Democracy is charged with sins of a darker tint, but are they peculiar to those who hold the strings of the public purse? Have not some managers of large commercial companies made profits by inside knowledge and manipulation that might have accrued to the stockholders? Is there no favoritism in appointments and contracts of the kind that in politics is called graft? If a city official knowing of operations likely to enhance the value of a piece of land buys it from an owner who does not know of them, what should we think? But is this different from a director's buying stock, which he has reason to know will rise in price, from a stockholder who is selling without the knowledge the director has obtained as his trusted representative? If a retiring mayor who has caused the city heavy loss, whether innocently or not, were to be voted and paid by the city council a large pension for life, might not the members of that body expiate their error in jail? In short, is the fiduciary obligation of public officials to the citizens different in kind or degree from that of officers of companies to their stockholders? It is difficult to prevent politicians from making a profit, directly or indirectly, for themselves or their friends, out of their positions, when some men prominent in business do likewise uncensured and uncondemned. Nor can we fairly attribute to democracy evils tolerated in commercial life.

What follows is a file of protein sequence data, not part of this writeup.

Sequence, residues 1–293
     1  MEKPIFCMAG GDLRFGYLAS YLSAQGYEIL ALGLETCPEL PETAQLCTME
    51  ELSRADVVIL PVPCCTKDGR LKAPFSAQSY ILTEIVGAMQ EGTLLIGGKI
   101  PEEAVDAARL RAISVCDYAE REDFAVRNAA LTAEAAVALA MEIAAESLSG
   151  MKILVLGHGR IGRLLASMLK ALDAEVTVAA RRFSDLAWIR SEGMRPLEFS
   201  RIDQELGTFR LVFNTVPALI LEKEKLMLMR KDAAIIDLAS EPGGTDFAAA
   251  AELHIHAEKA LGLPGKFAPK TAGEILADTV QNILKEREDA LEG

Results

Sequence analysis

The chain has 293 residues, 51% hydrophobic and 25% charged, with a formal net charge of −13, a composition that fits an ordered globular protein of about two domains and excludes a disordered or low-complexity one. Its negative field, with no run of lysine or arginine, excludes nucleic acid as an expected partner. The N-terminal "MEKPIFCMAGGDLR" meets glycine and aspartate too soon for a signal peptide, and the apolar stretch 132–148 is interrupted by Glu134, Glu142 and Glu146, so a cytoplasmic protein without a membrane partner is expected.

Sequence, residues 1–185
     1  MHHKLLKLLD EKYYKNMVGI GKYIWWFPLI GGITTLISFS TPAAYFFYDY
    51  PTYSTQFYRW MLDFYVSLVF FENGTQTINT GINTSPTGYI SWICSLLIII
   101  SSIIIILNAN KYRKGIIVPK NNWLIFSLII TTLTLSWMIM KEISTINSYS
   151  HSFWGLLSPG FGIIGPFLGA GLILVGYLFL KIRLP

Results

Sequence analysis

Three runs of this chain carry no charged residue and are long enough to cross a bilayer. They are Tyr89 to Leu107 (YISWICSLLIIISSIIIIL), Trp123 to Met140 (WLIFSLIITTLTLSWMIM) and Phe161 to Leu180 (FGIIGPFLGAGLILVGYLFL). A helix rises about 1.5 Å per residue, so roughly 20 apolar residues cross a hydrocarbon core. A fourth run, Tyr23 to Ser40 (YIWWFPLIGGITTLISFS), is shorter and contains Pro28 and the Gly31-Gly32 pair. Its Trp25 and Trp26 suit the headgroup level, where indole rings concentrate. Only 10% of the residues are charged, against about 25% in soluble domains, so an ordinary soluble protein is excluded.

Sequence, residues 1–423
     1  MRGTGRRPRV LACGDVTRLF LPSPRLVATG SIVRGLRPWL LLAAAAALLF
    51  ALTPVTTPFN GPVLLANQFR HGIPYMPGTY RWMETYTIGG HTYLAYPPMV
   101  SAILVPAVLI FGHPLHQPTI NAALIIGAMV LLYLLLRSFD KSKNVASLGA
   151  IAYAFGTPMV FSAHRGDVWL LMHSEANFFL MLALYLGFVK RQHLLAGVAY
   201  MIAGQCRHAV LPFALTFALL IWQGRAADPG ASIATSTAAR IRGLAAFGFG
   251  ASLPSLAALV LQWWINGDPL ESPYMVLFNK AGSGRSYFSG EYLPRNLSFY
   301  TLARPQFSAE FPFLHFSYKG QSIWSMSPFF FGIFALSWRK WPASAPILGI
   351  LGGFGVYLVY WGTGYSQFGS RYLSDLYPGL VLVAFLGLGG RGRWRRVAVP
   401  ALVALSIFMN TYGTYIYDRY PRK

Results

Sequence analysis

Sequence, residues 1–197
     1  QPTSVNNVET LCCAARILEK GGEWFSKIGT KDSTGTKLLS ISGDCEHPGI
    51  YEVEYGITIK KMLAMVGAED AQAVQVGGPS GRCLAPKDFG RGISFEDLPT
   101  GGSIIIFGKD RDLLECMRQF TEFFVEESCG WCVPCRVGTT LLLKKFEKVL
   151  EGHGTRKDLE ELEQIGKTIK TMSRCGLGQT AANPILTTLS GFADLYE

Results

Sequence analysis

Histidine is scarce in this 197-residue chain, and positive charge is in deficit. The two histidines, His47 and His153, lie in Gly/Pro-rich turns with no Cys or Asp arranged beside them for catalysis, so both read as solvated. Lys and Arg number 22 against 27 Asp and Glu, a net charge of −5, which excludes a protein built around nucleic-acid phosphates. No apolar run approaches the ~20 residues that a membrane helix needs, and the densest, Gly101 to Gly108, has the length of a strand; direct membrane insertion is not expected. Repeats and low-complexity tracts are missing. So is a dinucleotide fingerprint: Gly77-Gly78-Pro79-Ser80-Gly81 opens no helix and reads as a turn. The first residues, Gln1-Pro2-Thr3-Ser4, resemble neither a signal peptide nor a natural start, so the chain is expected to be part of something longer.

Right and wrong have always existed and always will. A lack of probity in public life is no new thing. When Alexander Hamilton resigned as Secretary of the Treasury, saying he could not support his family on the salary, Talleyrand, then in America, remarked that a minister of state who retired, giving that as his reason, must be a little simple ("un peu niais"). In most countries at that time peculation by public officials was common. Enthusiasts thought democracy would abolish it; but no form of government can wholly change human nature, or eradicate the temptation to do wrong. There are multitudes of men holding responsible positions in both public and private life who have not bowed the knee to Baal. In fact there is certainly less corruption among office-holders now than there was in Europe in the eighteenth century, but popular forms of government will hardly be rid of it until a higher standard is exacted on the street, and those who violate it are socially tabooed.